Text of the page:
Supplementary Material for: Intracranial Cerebral Artery Dissection of Anterior Circulation as a Cause of Convexity Subarachnoid Hemorrhage
2015-06-16T00:00:00Z (GMT) by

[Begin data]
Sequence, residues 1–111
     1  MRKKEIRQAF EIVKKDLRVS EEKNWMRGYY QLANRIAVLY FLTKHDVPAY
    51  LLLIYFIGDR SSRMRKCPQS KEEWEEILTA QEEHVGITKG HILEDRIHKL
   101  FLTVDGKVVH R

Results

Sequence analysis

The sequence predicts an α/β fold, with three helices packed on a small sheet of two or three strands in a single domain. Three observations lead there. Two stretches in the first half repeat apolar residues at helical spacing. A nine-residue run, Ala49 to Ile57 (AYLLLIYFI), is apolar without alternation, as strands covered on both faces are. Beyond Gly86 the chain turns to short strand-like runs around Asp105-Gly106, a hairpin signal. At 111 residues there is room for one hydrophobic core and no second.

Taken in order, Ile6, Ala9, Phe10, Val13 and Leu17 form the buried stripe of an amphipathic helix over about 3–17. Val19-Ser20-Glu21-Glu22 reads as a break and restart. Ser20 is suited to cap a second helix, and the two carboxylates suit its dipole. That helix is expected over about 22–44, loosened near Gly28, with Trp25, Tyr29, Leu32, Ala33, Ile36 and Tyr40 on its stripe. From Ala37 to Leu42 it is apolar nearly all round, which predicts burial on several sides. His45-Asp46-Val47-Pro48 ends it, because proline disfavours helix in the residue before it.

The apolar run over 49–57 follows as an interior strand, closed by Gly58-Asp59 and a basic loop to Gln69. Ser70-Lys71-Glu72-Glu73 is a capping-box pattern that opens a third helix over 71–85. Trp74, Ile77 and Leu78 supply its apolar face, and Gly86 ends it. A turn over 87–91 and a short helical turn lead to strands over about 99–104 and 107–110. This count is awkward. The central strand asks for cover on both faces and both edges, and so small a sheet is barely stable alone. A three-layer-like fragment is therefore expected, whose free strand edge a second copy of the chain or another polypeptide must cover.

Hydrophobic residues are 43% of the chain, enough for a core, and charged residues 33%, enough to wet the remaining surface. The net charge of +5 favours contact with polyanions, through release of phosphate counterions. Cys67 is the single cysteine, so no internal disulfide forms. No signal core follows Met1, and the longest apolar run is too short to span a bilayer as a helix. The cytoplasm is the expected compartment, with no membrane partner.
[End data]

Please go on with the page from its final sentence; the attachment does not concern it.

<b><i>Background:</i></b> Convexity subarachnoid hemorrhage (cSAH), defined as intrasulcal bleeding restricted to hemispheric convexities, has several etiologies: reversible cerebral vasoconstriction syndrome, cerebral amyloid angiopathy, and internal carotid artery (ICA) stenosis or occlusion. However, it remains unknown whether cerebral artery dissection causes cSAH. <b><i>Methods:</i></b> We retrospectively investigated patients admitted to our hospital between 2005 and 2013 with ischemic stroke or transient ischemic attack caused by cerebral artery dissection. Cerebral artery dissection was diagnosed by cervical or cerebral magnetic resonance imaging (MRI) or computed tomography (CT) showing a wall hematoma. CT angiography, ultrasonography, or intra-arterial digital-subtraction angiography detected cerebral artery dissection if a double lumen, string sign, intimal flap, or dissecting aneurysm was observed at a nonbifurcation site. We used CT or MRI to detect cSAH, which was defined as blood collection restricted to one or few cerebral sulci without extending to the basal cisterns, ventricles, or Sylvian and interhemispheric fissures. Demographic, neuroimaging, treatment, and prognostic data were collected. <b><i>Results:</i></b> In total, 82 patients were diagnosed with ischemic stroke caused by cerebral artery dissection. The following arteries were affected: the ICA (9 patients), anterior cerebral artery (ACA; 12 patients), middle cerebral artery (MCA; 12 patients), vertebral artery (37 patients), basilar artery (5 patients), posterior cerebral artery (2 patients), and posterior inferior cerebellar artery (4 patients). In addition, 1 patient presented with simultaneous dissection in both the vertebral and internal carotid arteries, and 6 patients (7%) presented with cSAH (3 men and 3 women, age 39-67 years). The MCA was dissected in four cases and the ACA in two cases, with cSAH frequencies of 33 (4 of 12) and 17% (2 of 12), respectively, in those vessels. Artery dissection in the vertebrobasilar artery system was not responsible for cSAH (0 of 48). In all the MCA dissection cases, cSAH occurred in the arterial border zone between the ACA and MCA territories. Although 2 patients showed early reperfusion with temporary cSAH enlargement, cSAH was self-limiting. Antithrombotic treatment did not complicate the clinical course when used in 4 patients during acute or subacute phases. All patients achieved a 3-month poststroke modified Rankin Scale of 0-2. <b><i>Conclusion:</i></b> Our data suggest that cSAH caused by intracranial cerebral artery dissection is not rare. Further investigations are needed to elucidate the precise mechanism underlying cSAH in cerebral artery dissection.